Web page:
Manhattan Project Physicist Robert Bacher Dies
PASADENA, Calif.-Robert Fox Bacher, a renowned California Institute of Technology physicist who headed the experimental physics division at Los Alamos Laboratory during the Manhattan Project, died Thursday, November 18, in Montecito, California. He was 99.
Bacher was affiliated with MIT's Radiation Laboratory when the Manhattan Project began, and took a leave of absence to head the experimental physics division and, once the bomb-production phase began, the bomb physics division. After the war he became one of the first members of the U.S. Atomic Energy Commission, and also served on the President's Science Advisory Committee during the Eisenhower Administration.
A close associate of former Caltech president Lee DuBridge while both were at MIT, Bacher joined the Caltech faculty in 1949, three years after DuBridge became president. Bacher remained at Caltech for the remainder of his career, serving as chairman of the physics, math, and astronomy division from 1949 to 1962, as provost from 1962 to 1969, and as vice president and provost from 1969 to 1970. He took emeritus status in 1976.
His colleague Robert Christy, also a former provost and emeritus professor of physics at Caltech who worked on the Manhattan Project, said that, next to Robert Andrews Millikan, Bacher was the person most important to the early growth of Caltech's reputation in physics and astronomy. "He was responsible for building Caltech physics after the war, and for making Caltech physics what it is today," Christy said.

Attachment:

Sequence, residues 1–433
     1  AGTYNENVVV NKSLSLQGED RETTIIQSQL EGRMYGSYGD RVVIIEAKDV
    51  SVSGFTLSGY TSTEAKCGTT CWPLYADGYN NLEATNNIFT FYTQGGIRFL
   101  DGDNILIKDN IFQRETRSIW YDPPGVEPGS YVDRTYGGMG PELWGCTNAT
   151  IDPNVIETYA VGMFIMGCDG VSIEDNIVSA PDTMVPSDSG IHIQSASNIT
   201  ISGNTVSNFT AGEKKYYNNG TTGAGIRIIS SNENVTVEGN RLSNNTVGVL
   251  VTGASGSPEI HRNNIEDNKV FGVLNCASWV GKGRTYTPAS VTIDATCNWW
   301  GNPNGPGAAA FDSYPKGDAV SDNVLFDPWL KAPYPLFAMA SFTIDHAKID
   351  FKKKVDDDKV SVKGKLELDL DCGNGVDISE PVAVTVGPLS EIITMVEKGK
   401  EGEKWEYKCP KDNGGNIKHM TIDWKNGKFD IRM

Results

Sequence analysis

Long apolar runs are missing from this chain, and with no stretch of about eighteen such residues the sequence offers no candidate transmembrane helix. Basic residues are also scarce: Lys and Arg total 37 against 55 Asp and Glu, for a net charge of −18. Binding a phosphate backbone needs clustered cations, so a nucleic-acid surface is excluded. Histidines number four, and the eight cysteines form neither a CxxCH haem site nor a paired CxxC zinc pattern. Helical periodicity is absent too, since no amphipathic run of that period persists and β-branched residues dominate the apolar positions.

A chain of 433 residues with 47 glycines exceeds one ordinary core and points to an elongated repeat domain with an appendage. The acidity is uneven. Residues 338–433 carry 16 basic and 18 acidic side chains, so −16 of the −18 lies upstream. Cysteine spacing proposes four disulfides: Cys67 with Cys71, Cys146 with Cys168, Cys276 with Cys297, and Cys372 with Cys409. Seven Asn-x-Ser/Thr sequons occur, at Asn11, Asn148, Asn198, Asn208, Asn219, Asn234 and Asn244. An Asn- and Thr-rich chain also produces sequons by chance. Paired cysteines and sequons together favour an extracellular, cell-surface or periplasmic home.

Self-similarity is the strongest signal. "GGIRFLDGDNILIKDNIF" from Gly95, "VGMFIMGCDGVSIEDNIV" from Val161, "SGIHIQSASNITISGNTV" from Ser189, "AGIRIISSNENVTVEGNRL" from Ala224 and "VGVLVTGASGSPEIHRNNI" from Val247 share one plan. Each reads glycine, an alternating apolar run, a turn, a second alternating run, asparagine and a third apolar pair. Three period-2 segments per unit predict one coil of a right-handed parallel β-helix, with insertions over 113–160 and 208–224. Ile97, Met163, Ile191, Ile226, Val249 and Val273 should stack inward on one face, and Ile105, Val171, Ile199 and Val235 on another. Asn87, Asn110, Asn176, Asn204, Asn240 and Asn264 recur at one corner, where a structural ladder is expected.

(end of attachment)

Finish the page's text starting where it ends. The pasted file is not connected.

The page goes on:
Born August 31, 1905, in Loudonville, Ohio, Bacher earned his bachelor's degree from the University of Michigan in 1926 and his doctorate in 1930. He first came to Caltech in 1930 for a one-year appointment as a National Research Council Fellow, and afterward held postdoctoral positions at MIT and the University of Michigan before joining the faculty at Columbia University in 1934. He moved to the Cornell University physics department in 1935, where he became a full professor of physics and director of the Laboratory of Nuclear Studies. He was affiliated with MIT's Radiation Laboratory and the Manhattan Project at Los Alamos from 1940 to 1945, while on the Cornell faculty.
As chairman of the Caltech Division of Physics, Mathematics, and Astronomy, Bacher shaped the program in the burgeoning field of high-energy physics, and was responsible for bringing both Richard Feynman and Murray Gell-Mann to Caltech. He also initiated the program in radio astronomy with the creation of the Owens Valley Radio Observatory, which to this day is one of the leading radio astronomy facilities in the world.
Bacher was president of the American Physical Society in 1964, president of the International Union of Pure and Applied Physics from 1969 to 1972, and winner of the President's Medal for Merit in 1946. In addition, he was a member of the U.S. delegation to the nuclear test ban negotiations in 1958, and a member at various times of committees and panels for the State Department, Department of Defense, the Atomic Energy Commission, and the National Academy of Sciences.
Bacher's wife of 64 years, Jean Dow Bacher, died in 1994. He is survived by a son, Andrew Dow Bacher of Bloomington, Indiana; a daughter, Martha Bacher Eaton of Santa Barbara; and two grandchildren.